Degenerative arthritis of the spine, also called spinal osteoarthritis, happens because of the breakdown of the cartilage within the spinal facet joints. It becomes more likely after the age of 50 and is more common in women than men. This degenerative condition is generally a result of years of normal wear and tear, but injury and genetics can also be contributors.
Inflammation and joint stiffness caused by degenerative spinal arthritis can cause discomfort and mobility problems for patients. This condition can also cause spinal narrowing (stenosis) and nerve compression that results in radiating symptoms in the upper or lower extremities. Any or all of these symptoms can become chronic and debilitating — taking you away from the people you love and everyday activities.
By educating yourself as a patient you can take more control of your treatment and work closely with your doctor to develop a care plan. Lasting relief from spinal arthritis is attainable and learning more about the full range of treatment options can help you return to a better quality of life.
Symptoms and conservative treatment
Symptoms of osteoarthritis of the spine include tenderness in the area of the affected spinal joints, diminished flexibility, swelling or the sensation of bone rubbing against bone. Shooting pain, muscle weakness, numbness and tingling of the extremities can occur if spinal nerves are compressed by enlarged joints or bone spurs. Like any condition, the type and severity of symptoms varies by patient.
If you experience neck or back pain, consult with your doctor for a diagnosis of the origin of the problem. Spinal arthritis is usually first treated with conservative therapy, with many patients not requiring surgery. Nonsurgical treatments for spinal stenosis and other painful conditions caused by degenerative arthritis of the spine include:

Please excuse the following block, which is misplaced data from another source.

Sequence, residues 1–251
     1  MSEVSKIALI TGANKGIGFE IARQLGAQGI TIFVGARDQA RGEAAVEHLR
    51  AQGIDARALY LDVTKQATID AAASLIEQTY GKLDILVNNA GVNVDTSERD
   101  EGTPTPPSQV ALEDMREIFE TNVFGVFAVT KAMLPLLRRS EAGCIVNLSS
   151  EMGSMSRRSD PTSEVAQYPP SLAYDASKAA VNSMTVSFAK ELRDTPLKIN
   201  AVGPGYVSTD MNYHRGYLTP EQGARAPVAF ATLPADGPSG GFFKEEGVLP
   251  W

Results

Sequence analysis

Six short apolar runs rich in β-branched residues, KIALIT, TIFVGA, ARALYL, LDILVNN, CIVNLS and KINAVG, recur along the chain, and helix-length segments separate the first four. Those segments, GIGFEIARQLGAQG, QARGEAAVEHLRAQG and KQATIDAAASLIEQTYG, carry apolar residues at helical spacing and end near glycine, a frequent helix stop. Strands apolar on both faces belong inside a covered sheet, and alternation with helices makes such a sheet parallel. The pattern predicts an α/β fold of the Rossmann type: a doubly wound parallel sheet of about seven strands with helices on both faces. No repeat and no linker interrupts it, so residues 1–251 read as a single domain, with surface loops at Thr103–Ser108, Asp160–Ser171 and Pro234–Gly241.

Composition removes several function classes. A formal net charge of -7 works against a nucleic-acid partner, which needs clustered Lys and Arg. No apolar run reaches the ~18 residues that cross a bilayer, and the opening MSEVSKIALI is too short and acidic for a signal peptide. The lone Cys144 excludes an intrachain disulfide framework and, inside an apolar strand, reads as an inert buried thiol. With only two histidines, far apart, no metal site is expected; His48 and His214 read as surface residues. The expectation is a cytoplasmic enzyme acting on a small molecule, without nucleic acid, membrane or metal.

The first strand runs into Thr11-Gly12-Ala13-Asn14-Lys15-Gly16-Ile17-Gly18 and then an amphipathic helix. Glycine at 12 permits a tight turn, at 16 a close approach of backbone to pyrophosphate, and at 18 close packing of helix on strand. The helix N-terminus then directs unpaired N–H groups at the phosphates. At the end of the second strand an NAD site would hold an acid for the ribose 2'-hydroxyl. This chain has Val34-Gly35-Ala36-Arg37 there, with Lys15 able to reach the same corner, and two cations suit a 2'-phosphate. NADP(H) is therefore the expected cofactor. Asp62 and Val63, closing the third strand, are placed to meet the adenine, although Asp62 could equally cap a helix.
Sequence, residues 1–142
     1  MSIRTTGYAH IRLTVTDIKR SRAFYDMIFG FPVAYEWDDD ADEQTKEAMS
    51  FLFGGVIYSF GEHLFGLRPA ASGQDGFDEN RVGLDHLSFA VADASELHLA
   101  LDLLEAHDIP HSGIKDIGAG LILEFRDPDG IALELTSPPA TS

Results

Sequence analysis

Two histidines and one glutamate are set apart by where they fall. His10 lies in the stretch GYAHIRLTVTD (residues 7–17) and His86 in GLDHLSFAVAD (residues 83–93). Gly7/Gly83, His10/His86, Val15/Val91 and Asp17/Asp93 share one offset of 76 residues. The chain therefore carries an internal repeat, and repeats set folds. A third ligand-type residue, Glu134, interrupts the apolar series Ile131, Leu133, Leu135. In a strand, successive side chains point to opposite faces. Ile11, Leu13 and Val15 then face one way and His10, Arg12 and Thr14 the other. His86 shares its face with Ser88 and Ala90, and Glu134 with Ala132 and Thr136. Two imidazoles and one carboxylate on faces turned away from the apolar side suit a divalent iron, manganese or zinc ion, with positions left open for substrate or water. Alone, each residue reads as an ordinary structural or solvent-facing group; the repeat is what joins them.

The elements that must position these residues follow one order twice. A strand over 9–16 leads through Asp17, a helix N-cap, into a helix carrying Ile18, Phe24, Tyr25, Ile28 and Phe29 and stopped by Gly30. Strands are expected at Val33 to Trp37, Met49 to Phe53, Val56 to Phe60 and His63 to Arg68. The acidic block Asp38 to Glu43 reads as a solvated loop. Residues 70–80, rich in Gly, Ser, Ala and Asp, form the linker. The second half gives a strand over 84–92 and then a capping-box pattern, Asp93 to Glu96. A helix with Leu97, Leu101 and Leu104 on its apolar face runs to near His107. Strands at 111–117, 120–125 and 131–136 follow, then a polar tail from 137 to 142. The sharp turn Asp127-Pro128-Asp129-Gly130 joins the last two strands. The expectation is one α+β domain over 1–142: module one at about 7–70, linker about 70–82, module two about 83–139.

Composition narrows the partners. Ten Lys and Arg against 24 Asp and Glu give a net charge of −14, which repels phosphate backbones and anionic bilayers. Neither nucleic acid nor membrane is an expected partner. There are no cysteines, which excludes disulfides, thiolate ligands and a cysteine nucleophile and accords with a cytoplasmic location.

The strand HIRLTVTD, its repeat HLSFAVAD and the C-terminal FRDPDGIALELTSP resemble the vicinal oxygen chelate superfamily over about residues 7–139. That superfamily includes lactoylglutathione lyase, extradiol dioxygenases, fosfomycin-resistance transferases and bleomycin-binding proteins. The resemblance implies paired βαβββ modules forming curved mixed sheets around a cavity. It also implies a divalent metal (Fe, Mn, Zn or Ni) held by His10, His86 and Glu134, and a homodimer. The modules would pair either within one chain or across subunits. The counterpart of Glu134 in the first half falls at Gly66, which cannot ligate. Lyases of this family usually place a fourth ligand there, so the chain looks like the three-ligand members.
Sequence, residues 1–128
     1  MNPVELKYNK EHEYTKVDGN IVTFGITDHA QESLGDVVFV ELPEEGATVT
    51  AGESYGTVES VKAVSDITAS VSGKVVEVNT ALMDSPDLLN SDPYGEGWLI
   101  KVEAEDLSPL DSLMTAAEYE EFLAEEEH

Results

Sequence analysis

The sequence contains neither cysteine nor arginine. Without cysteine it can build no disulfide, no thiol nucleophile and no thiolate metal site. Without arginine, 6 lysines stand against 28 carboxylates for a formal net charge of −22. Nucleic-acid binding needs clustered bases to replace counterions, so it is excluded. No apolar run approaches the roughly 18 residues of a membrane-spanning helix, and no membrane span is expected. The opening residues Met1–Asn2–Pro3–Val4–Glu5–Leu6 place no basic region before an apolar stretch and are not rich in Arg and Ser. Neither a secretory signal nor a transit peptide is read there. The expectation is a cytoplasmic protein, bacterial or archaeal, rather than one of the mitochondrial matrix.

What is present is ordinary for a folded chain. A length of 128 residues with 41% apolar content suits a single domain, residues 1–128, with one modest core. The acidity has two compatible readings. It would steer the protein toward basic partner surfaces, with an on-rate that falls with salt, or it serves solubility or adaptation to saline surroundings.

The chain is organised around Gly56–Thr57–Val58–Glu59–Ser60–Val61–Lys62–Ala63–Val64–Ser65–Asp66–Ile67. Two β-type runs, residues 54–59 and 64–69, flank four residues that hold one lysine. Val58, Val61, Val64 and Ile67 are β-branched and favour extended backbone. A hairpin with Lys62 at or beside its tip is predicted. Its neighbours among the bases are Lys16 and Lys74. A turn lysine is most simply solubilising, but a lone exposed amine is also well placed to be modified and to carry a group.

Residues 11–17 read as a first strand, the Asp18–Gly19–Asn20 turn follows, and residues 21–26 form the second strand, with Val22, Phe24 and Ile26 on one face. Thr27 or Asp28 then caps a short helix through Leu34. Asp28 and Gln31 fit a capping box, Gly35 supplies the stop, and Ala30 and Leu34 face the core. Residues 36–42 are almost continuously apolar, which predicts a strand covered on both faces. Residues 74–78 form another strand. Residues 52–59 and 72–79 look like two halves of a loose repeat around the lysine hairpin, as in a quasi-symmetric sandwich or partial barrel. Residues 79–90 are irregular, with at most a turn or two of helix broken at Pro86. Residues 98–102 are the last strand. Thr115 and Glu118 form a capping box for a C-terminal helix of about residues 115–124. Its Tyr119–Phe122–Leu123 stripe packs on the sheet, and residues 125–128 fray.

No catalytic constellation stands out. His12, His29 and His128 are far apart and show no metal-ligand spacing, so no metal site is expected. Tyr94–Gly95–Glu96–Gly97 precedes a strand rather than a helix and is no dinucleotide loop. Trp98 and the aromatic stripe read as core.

- Exercise to increase muscle strength around the affected spinal joints
- Over-the-counter or prescription pain medicine
- Physical therapy
- Pain-reducing steroidal injections
- Chiropractic therapy
Surgery for degenerative arthritis of the spine
If chronic neck or back pain due to spinal arthritis does not improve after weeks and months of conservative treatment, you may be recommended for surgery. Traditional open neck or back surgery involves an overnight hospital stay followed by a long recovery period due to the large, muscle-tearing incision required by this type of procedure.
USA Spine Care provides outpatient, minimally invasive spine surgery that is an alternative for patients with back pain. Our highly skilled surgeons use a less than 1-inch incision to access the spine, causing less muscle disruption and resulting in a shorter recovery time^ than traditional open spine procedures.
Contact our dedicated team today for a no-cost MRI review* to determine if you may be a candidate for minimally invasive spine surgery at USA Spine Care.
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